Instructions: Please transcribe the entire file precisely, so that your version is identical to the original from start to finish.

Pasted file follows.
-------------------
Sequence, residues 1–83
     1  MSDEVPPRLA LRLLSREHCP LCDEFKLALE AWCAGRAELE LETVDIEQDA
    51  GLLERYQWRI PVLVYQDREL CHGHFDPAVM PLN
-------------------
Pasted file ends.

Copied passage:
Sequence, residues 1–83
     1  MSDEVPPRLA LRLLSREHCP LCDEFKLALE AWCAGRAELE LETVDIEQDA
    51  GLLERYQWRI PVLVYQDREL CHGHFDPAVM PLN